A flower girl–turned–speech coach stops polishing vowels long enough to solve several murders in a series debut that picks up just short of where Shaw’s Pygmalion left off.
Eight months after her triumph at the Embassy Ball, Eliza Doolittle has learned enough from world-renowned speech expert Henry Higgins to go into business for herself—or at least as an assistant to Higgins’ chief rival, Emil Nepommuck. After a day of giving phonetic lessons to social climbers in London’s fashionable Belgrave Square, Eliza hears a noise in the dark as she’s leaving her office and is startled by someone rushing past her, leaving behind a gold button. Then, at a grand reception, Eliza witnesses a ruckus at the announcement of Nepommuck’s engagement to the Dowager Marchioness of Gresham, who’s easily twice the Hungarian count’s age. The nuptials, alas, are not to be: Eliza finds Nepommuck stabbed to death in his office and becomes the first suspect herself. Luckily for her, her cousin is the detective inspector on the case, and he releases her. His next suspect, however, is Higgins, who remains stubbornly secretive about where he was the day of the murder. He’s not the only one withholding information. Nepommuck was blackmailing people who were hiding secrets, and the list grows as Eliza tries to find the owner of the mysterious button and clear Higgins. Even her pluck, as well as loving descriptions of Edwardian fashion and the presence of Col. Pickering and Freddy Eynsford Hill, can’t offset the tale’s feeble wit and soppy subplots. Fans of the original may be curious to know what happens next, but true Shaw devotees will wish they could unread this ill-conceived sequel, especially when it descends into slapstick and a denouement so clichéd that it’s even announced as such.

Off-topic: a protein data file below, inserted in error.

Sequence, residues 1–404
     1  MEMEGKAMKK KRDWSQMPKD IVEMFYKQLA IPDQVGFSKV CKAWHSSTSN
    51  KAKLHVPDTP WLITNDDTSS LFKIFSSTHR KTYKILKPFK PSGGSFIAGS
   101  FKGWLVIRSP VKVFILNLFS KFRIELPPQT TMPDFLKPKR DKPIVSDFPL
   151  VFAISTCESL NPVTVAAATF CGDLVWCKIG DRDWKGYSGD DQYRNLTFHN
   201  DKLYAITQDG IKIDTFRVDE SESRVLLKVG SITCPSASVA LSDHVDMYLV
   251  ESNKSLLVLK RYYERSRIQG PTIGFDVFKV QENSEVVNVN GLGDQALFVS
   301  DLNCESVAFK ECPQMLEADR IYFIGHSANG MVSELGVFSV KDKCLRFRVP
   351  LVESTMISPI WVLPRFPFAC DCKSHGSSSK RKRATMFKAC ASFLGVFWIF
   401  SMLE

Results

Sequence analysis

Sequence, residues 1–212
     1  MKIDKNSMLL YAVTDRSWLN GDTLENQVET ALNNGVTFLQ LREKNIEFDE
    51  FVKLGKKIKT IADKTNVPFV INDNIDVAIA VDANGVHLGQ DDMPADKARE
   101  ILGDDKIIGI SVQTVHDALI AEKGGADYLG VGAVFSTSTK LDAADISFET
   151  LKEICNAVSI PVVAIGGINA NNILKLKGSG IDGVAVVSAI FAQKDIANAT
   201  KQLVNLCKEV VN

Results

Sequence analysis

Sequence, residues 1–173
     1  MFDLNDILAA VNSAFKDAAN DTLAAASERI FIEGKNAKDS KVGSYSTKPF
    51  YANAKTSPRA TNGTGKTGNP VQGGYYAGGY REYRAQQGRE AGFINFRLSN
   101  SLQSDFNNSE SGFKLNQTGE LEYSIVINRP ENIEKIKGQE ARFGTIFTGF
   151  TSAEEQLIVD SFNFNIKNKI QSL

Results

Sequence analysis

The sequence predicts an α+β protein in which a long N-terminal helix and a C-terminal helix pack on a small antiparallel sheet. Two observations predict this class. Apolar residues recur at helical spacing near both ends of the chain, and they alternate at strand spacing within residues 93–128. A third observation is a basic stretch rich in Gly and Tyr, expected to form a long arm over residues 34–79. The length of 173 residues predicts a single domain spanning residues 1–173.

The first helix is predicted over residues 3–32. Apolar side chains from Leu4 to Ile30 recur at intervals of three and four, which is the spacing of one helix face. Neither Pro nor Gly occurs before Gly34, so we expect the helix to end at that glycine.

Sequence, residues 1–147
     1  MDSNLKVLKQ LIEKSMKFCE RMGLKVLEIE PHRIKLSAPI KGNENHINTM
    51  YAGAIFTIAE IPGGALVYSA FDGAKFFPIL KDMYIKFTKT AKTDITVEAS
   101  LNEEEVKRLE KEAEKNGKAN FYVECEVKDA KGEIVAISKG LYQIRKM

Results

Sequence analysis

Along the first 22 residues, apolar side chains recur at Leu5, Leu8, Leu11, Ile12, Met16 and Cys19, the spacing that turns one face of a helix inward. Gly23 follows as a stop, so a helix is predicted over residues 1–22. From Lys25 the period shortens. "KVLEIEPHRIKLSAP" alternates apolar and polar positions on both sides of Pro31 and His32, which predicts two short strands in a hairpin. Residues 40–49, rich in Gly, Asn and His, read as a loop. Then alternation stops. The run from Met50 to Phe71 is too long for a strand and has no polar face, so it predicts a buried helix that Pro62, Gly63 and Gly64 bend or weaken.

The two authors writing together as Ireland must have known that the tradeoff for a ready-made back story and brand-name characters would be comparisons with the characters’ creator—but did they know how short they would fall?